Advantages Beautiful architecture, interesting paintings, fascinating tombs
Disadvantages None really
|Is it worth visiting?|
Mdina in the middle of the island of Malta was long the capital of the island until the Knights of St John of Jerusalem established Valletta as its headquarters on the island. However, the rules of the catholic church said there could only be one cathedral on the island, a cathedral being distinguished by having a throne (Latin ‘cathedra’), and Mdina already had the cathedral. The result is that in Valletta there is a co-cathedral, ie a cathedral alongside that in Mdina, with Valletta’s throne being that of the Grand Master of the Knights of St John, the throne in Mdina being at the time for the archbishop of Malta.Mdina sits atop a hill in the centre of the island, far enough away from the coast to give a degree of protection from marauding pirates. When the island was liberated from the Saracens in 1090, a church was raised on the site of the house of the Roman governor at the time of the shipwreck of the apostle Paul on Malta in 60AD, and who received Paul and even brought his father to the apostle for him to be healed. This church is now the cathedral.
In 1693, an earthquake destroyed the cathedral, and four years later work started on the current structure rose under the architect Lorenzo Gafa, in the Roman-Baroque style. The work took only five years to complete, although it did require a major clearing of the city centre, which has given us the square in front of the cathedral.The façade is impressive with Corinthian columns, a high central door and towered side wings. The inside is high, with the impressive Baroque dome allowing in a good deal of light, which is just as well if you want to take pictures, as no flash photography is allowed. The floor plan is in the form of a Latin cross with a vaulted central nave and two side chapels.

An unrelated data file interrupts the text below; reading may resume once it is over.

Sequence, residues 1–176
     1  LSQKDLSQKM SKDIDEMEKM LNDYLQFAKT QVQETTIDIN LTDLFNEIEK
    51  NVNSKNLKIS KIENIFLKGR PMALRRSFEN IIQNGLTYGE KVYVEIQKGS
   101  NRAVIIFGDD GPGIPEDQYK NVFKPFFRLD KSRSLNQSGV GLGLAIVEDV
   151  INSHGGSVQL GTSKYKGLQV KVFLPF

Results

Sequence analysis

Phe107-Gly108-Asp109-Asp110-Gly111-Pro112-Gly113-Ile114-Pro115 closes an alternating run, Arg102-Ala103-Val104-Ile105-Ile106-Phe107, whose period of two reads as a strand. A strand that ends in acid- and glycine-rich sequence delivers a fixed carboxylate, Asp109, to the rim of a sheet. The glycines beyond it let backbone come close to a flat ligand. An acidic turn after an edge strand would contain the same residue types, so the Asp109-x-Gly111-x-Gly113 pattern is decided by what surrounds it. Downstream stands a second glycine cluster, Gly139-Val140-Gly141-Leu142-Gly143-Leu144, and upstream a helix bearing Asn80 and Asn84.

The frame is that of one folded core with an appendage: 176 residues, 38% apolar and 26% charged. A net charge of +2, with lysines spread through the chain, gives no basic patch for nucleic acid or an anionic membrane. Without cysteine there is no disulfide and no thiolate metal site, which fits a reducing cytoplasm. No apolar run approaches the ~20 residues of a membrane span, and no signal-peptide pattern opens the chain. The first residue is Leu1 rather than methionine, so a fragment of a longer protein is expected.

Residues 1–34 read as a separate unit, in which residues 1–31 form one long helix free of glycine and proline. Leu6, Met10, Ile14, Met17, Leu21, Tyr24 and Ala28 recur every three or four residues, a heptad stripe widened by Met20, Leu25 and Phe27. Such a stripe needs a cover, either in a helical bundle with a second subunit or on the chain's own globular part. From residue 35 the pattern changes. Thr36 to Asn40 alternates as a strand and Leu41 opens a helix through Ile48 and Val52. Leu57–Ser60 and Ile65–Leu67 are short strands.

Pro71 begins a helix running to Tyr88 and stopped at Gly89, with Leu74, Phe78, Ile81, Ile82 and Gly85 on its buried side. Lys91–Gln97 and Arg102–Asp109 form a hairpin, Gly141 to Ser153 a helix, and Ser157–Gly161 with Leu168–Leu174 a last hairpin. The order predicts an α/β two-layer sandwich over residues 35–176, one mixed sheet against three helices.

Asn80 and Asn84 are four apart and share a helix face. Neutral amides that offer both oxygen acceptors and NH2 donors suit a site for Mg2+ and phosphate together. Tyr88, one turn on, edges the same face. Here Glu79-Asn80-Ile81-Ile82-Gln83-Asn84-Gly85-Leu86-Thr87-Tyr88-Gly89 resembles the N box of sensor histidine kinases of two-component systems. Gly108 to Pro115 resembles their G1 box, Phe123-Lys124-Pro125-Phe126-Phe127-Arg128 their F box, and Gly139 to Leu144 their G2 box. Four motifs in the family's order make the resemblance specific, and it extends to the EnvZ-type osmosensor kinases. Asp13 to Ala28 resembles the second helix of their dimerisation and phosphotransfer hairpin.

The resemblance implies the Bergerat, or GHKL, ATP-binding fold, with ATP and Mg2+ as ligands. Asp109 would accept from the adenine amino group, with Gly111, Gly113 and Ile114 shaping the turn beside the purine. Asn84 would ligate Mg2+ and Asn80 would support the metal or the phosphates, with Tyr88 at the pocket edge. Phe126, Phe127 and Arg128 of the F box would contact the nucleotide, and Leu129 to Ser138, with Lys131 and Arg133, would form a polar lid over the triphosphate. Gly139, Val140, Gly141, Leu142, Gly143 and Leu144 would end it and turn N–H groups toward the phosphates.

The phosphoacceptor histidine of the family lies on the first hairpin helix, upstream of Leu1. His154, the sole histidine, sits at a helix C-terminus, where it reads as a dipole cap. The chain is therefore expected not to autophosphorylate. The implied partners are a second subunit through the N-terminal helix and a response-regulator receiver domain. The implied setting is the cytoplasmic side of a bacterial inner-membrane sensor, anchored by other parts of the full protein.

One stunning feature about the floor is the marble slabs which are memorials to the prominent Maltese who are buried there. Mdina was and remains very exclusive, with only the richest or most noble families having the right to own property in the city. Thus, those buried really represent the elite, as attested to by the many ornate coats of arms on the slabs, including disconcertingly a number with skull and crossbones, witness to Malta’s pivotal position on the seas and the prevalence of pirates.Many of the paintings are by Mattia Preti, a Calabrian knight and artist. The one that took my eye was the painting of the shipwreck of St Paul at the far end above the altar. The ceiling is also elaborately painted, with Biblical themes and scenes.
There are two different types of marble inside. The darker red marble dates from after the earthquake, while the lighter pieces were salvaged from the wreckage caused by the earthquake.In the museum, which is housed in the former cathedral treasury, there is a fine coin collection and also woodcuts by Albert Durer. What we were not able to see on our visit however, was the most important relic, one of the treasures that survived the earthquake and the pillaging of the French in 1798. It is a jewel encrusted silver cross said to have accompanied Godfrey de Bouillon on the first crusade in 1099.
Overall, I would say that if you go to Mdina, you should definitely make sure you pay a visit to this cathedral. There is much that tells of the different phases of Malta’s history.
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